Memoir of Marianne Abella


Beauty Close-up portrait of sensual young woman with sexy red

“And what has helped you all these years? After everything that’s happened?”

She smiled significantly, “There isn’t a doubt in my mind when I say that it was and remains l’ Opéra Cosmetics.”

The reporters and journalists roared into action, begging for her attention, yelling their questions as the cameras flashed and filmed, as the photographers bunched up to get a better picture of her as she made her way off the podium. She did overhear one question out of the upheaval:

“Which product in specific do you like the most?”

She laughed, “You wouldn’t ask a mother which child she loves the best.”


In October, 2001, Vietnam’s worse seen flood yet has hit leaving 500 people dead including 156 children. Marianne Abella, a survivor, comes back to her native land, France, and counts her story:

“My name is Marianne Abella and I worked as a volunteer nurse in one of the hospitals near Mekong Delta. I had never seen something alike. I had been in Vietnam for about 3 months prior to the flood. I remember being called to work for an emergency, it had been raining all night. As I arrived there were bodies everywhere, man, women, elderly, children. . . That’s when my body took over me and I started to work as if business were as usual even though the workload had increased significantly, only to emerge the next morning out of the hospital to get a few hours of rest. That’s when I saw the continuous flow of bodies entering the hospital. I wasn’t really conscience per say the hours before. As I mentioned, my body had taken control while my mind was wondering about elsewhere. Coming out, my mind had come back and I realized the horrors I had encountered.”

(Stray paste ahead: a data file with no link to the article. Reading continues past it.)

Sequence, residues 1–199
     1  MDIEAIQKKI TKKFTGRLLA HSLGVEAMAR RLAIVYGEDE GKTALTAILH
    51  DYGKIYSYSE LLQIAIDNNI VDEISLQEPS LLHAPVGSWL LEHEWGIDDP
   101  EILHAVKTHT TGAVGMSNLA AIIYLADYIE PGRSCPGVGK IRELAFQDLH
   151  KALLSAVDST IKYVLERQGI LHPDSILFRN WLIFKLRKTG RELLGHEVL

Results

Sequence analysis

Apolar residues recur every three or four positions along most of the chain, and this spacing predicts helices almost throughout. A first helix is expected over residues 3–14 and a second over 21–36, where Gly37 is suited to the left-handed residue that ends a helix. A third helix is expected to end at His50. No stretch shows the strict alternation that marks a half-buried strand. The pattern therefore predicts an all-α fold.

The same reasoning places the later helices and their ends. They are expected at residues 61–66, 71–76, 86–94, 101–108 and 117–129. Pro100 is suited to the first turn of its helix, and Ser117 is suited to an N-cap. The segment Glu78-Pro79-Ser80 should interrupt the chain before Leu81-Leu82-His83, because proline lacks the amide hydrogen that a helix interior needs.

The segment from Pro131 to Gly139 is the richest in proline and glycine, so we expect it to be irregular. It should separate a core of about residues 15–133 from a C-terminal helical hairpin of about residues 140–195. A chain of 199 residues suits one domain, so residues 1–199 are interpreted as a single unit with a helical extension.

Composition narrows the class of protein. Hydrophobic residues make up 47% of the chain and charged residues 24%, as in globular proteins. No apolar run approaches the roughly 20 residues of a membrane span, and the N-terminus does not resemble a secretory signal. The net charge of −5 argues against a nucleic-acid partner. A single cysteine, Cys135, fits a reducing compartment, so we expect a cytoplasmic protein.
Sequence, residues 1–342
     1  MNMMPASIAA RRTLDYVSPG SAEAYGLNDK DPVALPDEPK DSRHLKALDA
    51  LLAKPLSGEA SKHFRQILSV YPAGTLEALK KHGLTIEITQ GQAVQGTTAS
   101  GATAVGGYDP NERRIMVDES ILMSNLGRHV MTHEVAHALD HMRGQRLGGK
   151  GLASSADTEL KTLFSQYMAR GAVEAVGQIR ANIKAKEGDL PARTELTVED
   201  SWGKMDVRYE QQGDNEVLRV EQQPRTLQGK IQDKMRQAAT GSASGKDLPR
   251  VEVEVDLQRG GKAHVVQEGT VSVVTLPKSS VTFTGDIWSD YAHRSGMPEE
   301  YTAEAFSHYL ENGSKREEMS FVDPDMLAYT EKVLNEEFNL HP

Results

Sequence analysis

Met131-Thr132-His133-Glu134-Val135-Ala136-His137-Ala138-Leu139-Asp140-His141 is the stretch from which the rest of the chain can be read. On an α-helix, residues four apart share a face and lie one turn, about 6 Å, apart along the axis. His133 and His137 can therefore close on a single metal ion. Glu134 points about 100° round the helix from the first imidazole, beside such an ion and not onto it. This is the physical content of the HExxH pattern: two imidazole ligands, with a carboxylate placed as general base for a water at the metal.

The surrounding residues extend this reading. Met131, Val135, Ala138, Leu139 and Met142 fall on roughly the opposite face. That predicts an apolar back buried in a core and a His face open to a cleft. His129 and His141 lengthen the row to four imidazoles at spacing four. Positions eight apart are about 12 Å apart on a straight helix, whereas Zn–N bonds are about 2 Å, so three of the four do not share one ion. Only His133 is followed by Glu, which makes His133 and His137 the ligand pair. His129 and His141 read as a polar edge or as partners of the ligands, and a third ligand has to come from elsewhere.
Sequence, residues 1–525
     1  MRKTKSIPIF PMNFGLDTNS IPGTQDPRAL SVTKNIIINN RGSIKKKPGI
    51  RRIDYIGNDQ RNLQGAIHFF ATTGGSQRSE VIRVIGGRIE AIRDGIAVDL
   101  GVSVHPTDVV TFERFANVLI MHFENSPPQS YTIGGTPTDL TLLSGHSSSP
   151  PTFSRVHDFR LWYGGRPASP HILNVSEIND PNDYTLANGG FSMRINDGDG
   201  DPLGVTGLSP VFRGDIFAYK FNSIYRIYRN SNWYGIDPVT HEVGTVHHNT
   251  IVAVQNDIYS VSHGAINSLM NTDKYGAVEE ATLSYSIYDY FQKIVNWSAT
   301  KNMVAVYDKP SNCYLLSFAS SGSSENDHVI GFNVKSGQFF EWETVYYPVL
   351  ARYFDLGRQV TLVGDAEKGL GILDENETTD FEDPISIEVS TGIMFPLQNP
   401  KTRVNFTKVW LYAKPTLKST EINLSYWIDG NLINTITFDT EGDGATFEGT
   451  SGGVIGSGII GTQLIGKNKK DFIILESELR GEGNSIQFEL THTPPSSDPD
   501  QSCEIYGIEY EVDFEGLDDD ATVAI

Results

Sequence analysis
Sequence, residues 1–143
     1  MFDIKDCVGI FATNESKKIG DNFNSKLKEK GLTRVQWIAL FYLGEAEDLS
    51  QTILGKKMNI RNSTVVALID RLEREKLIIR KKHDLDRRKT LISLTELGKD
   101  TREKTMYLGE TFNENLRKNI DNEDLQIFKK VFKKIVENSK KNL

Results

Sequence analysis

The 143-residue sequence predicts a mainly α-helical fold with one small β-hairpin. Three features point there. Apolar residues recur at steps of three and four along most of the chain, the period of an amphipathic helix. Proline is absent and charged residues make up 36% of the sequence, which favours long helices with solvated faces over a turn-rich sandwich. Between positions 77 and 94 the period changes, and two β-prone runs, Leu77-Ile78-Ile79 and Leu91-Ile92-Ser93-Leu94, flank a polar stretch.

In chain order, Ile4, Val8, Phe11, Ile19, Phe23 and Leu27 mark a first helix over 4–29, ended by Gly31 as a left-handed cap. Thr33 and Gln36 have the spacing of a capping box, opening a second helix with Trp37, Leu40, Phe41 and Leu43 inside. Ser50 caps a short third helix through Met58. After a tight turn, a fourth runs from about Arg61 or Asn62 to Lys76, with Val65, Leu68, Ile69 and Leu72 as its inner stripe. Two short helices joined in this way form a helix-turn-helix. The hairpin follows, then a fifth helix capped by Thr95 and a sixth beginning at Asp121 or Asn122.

Marianne Abella had suffered from severe trauma after the event, including PTSD, a well- known survivor’s post-traumatic response. Her interview held today was to inform us of her current state. She said: “It has been hard, but it all works in stepping stones. You cannot expect to recover immediately. There are many medical implications  as well as phases one must face to recover. I am lucky enough to be one of the few who are able to overcome such a trauma. It is hard, but not impossible. I have come from a line of fighters so I knew that one day I would get to where I am today.”

Time passed and a new interview of her progress surfaced:

“When you implied that l’ Opera Cosmetics was part of your recovering process, what did you mean?” asked the interviewer.

“What can I say? I look beautiful .” She laughed, in a more serious note though, she continued “In my opinion, people underestimate the power of beauty. It is not something you just see, it’s something you enjoy and appreciate. People who take their time to feel confident and to feel like themselves. That is exactly what l’ Opéra Cosmetics offered me. I was reminded of who I am, it was the perfect distraction, the perfect means to get away. Especially since I came back, I couldn’t stand the way my family and friends looked at me. It was different and I hated it. So it was also a way to give them something to look at other than their constant reminder of my face on the news. It was especially painful since it was always tradition for me to sing at any family holiday. I didn’t until the third year after what had happened. I sang even though I was very uncomfortable. But then I started using l’ Opéra Cosmetics and it changed everything for me. I am forever grateful for everything that everyone has done for me, but I must admit that if it weren’t for l’ Opéra Cosmetics, my struggle would have prolonged much more.”

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